8. The Russian Metro is AWESOME
Not the free newspaper, of course. I wouldn't want to pass any comment on the free newspaper. Nope, the undergound system in both Saint Petersburg and Moscow is frickin' incredible - it's, like, a mile minimum between stops, trains come every two minutes and blitz forward at an insane pace, and the stations are all made out of granite and marble, meaning that they never need to be shut down for maintainance due to their epic durability.

9. Russian food = meh
After the increasingly weird stuff we ate in the Baltics, I was maybe expecting the Russians to take things even further - animated dill dumplings the size of three carthorses, dunked in a river of quivering lard. Nah. They're into pancakes. And not in a good way.

10. Continued oppression fail on my behalf
Haven't been stopped by the police once. Feel brutally rejected. Saw an American tourist posing for a photo with two cops the other day. THEY WERE SMILING. FFS.

Bonus fact (can't be having an 11 point list): middle-aged women are employed exceptionally well here. At the Hermitage every single room had one sitting balefully in a chair making sure you didn't wreck shit up; they man all the Metro kiosks; every carriage on the Trans-Sib comes with one. I sort of wonder what they do before reaching middle-age. Maybe they wait, hopefully.

If you're still with me dear reader, I'll give a quick summary of how things stand now, as I'm not going to do a whole blog about the first train journey I took, given there's a four day one just around the corner. The journey was okay. Met a couple of brothers from Sheffield by the names of Louis and Joe, who are actually on exactly the same tour itinerary as me. They're kind of hippies and a fair bit younger than me but they're nice guys and it's definitely very much appreciated having a couple of drinking buddies/people to experience the insane cold/deal with the inevitably arse-clenching culture shock of China with. I guess I'll be with them for the next two weeks or so. The highlight of our piffling 25 hour train from Moscow to Yekaterinburg (from whence I am writing this) was getting involved in some sort of vodka drinking bout in the restaurant car with a very strange man called Andrey. He spoke to us vigorously and incomphrehensibly for a good 15 minutes, completely unphased by our lack of Russian, before suddenly coming out with "ah, English? WHAT YOU SAY 'BOUT MY MOTHER?" It was pretty amazing, we were naturally laughing at him, but deliberately or not, the only line of English he appeared to know was a mercilessly terse distillation of British humour. He did get borderline threatening when we decided to go to bed - me and Joe were so pissed we continued to find it hilarious, but Louis (who'd abstained from the bulk of the vodka) was a little concerned he might, y'know, knife us or something. But it doesn't really matter, as we never saw him again and all lived happily ever after.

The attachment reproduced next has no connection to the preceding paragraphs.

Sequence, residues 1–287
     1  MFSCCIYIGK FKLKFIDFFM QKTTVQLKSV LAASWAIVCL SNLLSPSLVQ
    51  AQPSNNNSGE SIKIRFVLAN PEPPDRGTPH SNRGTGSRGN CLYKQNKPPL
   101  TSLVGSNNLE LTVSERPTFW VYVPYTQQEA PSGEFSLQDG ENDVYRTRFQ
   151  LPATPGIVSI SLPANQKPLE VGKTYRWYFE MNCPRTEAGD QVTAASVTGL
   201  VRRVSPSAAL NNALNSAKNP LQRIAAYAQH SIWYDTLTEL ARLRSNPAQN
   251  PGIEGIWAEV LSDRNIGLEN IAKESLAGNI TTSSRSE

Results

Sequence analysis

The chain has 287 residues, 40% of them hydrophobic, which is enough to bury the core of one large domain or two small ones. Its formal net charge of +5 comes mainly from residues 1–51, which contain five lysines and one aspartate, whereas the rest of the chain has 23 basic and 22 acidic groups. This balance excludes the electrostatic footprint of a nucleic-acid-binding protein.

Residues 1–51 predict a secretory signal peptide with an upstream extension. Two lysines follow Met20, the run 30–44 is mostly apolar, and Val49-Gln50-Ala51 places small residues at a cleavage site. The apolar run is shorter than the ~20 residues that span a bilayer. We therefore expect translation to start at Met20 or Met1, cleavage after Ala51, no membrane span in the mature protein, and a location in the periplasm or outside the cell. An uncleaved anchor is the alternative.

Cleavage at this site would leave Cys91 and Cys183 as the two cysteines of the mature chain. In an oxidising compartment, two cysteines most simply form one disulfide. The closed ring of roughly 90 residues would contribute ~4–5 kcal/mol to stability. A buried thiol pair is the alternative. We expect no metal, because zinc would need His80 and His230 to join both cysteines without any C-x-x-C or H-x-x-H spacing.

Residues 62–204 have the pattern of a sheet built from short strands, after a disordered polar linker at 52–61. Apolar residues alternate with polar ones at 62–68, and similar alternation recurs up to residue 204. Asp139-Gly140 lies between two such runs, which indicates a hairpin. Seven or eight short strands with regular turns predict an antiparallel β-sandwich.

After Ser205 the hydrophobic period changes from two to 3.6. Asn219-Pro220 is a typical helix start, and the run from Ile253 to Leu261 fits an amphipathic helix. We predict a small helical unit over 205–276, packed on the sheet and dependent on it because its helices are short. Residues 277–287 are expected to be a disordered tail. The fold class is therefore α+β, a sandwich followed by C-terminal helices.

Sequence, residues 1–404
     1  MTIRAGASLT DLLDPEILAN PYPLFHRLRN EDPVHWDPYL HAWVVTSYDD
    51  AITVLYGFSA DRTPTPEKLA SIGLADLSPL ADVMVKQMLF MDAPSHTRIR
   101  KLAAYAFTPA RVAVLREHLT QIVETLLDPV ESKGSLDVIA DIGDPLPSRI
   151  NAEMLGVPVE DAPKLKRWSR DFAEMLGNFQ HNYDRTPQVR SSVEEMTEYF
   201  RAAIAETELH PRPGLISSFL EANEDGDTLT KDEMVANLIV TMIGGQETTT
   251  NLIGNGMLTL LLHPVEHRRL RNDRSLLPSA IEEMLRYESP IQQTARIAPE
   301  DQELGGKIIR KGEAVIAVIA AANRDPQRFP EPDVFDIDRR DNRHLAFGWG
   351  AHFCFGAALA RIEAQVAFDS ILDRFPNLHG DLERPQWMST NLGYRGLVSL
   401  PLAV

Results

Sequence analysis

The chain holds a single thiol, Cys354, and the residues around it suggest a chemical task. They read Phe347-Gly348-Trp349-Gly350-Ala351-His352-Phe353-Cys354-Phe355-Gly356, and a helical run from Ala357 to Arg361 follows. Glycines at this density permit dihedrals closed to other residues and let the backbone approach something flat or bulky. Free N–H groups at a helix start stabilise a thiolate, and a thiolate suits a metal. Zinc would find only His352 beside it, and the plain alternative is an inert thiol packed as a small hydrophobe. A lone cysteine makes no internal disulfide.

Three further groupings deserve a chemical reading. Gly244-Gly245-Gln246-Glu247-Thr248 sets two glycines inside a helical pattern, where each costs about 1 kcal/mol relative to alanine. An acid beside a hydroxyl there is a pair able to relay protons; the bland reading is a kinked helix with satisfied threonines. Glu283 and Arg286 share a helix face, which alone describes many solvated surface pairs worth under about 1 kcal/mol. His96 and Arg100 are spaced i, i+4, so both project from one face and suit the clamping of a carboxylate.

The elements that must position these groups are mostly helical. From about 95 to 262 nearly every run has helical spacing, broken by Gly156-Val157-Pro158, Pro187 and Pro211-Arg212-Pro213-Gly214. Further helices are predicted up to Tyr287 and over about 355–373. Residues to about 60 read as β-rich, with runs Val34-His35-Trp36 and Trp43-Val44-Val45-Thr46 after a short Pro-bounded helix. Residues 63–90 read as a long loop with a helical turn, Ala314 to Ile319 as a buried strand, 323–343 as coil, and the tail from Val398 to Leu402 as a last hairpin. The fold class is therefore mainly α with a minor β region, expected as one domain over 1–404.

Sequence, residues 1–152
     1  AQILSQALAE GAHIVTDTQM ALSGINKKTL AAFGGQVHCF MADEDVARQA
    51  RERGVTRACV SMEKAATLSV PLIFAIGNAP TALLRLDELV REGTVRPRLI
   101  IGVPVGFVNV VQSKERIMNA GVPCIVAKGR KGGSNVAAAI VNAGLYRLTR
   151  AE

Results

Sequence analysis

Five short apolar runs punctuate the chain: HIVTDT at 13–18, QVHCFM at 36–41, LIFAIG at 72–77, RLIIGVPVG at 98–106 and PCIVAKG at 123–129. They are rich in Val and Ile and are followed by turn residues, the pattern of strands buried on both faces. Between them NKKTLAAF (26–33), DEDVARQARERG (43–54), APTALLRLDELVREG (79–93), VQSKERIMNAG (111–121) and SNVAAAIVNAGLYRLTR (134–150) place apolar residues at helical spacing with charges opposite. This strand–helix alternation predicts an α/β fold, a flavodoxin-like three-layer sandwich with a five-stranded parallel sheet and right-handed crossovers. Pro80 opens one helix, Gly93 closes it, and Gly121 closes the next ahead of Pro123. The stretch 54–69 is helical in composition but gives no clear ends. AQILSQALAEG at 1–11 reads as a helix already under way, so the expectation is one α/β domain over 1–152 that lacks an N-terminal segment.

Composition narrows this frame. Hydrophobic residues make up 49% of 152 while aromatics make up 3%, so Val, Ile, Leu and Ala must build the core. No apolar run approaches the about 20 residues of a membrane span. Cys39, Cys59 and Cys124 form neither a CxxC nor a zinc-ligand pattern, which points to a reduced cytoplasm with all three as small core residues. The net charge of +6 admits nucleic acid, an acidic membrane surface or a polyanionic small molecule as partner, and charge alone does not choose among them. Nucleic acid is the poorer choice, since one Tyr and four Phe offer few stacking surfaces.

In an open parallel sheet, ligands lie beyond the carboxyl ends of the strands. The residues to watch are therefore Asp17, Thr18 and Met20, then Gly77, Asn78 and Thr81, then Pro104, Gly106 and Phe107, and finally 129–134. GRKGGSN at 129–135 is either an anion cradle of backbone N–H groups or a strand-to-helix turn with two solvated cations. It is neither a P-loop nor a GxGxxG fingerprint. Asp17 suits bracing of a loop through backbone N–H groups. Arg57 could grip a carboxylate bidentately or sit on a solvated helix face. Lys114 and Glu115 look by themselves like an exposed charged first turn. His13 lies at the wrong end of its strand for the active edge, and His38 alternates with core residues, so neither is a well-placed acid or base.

PS Apropos of nothing, but I've been watching a bit of BBC World since staying in hotels for the 'tour' part of this trip, and there's one amazing advert for South Africa that is possibly the most horribly bathetic thing ever. Some really posh chef or something is going on about how she loves the food in South Africa, and then po-facedly drops in a plug for her new recipe book: "it's called A Taste Of Freedom. It's a biography of Nelson Mandela, but with recipes". I mean. Wow. But hilarious, of course.

1 comment:

Mark said...

Please bear this in mind if you're considering taking any Chinese buses: